How I Use It
Planning these days as a teacher seems like an impossible task. We must write each Common Core standard that is covered in each lesson and assessment. We must also document who has become proficient and who needs more interventions. Add this in with all of the other duties a teacher has on a daily basis and it truly does seem impossible. Metria Instructional Designer seems to be a tool that can help teachers minimize the time they take in completing these tasks. All of the standards are available for drag and drop. You can show other teachers, parents or your principal where students are currently just by opening up the program. Gone are the days of multiple folders where you are taking notes on students and can never seem to find them when you need them. With this program you can type it in the same place as you store your lessons, standards, and assessments. Teachers will quickly know who needs to be met with for further assistance.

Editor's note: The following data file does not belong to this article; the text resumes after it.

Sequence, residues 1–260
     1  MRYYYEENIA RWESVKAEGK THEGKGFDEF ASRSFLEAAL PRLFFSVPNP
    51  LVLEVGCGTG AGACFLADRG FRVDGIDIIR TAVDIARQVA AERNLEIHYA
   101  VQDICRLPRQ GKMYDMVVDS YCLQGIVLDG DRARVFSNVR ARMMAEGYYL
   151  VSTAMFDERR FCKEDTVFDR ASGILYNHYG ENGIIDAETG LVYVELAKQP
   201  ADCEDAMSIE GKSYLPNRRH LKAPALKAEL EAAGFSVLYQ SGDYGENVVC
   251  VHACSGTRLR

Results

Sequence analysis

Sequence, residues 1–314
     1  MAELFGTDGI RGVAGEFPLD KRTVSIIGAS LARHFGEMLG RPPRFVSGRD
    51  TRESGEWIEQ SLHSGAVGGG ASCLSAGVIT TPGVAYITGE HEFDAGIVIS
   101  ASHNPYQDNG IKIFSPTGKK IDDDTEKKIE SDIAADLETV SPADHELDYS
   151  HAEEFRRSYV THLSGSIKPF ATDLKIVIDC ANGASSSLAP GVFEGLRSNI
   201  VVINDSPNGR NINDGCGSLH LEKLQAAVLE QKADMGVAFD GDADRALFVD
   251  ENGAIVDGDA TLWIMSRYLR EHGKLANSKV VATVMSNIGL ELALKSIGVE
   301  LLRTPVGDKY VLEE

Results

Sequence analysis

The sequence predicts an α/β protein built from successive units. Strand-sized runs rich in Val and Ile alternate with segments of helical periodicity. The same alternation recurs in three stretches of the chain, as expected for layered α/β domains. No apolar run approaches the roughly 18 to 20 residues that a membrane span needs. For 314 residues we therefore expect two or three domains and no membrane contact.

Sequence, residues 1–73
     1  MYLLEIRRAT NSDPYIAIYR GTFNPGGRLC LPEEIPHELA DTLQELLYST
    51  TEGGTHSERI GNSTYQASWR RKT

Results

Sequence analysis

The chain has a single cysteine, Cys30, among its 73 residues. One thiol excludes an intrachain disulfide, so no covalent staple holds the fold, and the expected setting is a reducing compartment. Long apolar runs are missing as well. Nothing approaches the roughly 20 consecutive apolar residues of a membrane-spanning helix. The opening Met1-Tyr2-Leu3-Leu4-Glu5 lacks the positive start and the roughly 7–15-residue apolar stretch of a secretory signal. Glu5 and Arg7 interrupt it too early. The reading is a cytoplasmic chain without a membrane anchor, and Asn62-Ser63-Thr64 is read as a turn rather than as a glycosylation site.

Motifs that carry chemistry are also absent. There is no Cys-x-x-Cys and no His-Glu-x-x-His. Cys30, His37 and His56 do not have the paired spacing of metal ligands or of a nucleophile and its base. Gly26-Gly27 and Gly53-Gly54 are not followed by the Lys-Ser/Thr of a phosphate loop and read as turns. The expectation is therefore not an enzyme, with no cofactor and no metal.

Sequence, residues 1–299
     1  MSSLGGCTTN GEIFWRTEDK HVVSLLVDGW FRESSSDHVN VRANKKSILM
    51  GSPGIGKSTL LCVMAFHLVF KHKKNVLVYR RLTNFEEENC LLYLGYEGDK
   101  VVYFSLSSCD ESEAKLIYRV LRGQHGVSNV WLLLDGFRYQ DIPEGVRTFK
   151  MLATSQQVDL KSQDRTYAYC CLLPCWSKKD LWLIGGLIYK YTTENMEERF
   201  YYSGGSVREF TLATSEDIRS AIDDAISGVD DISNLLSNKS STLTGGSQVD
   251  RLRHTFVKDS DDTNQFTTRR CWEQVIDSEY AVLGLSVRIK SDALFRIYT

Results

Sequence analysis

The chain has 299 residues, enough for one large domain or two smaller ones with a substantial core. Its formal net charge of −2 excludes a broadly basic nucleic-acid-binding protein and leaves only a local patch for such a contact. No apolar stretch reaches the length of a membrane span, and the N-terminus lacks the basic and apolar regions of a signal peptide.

I like the streamlined effectiveness of Metria. It could help teachers save time and keep track of lessons, grades, student progress and the Common Core standards all in one place. In theory, Metria Learning seems like the "silver bullet" to managing lesson plans, common core, and differentiation. When I tried to download the free version though, I noticed that I needed to have Microsoft Word 2013 and an online account with Microsoft. Not only do I not have that, but we do not have it at school on our computers. Also, to take advantage of what seems like one of their most interesting components-to be able to share your plans and work collaboratively with other teachers, the school would need to have a demo scheduled. The price for the "School Improvement Edition" is not listed. Honestly, I would just be interested in the free download for an individual teacher. Hopefully they will find another way to make it available other than Microsoft Word 2013.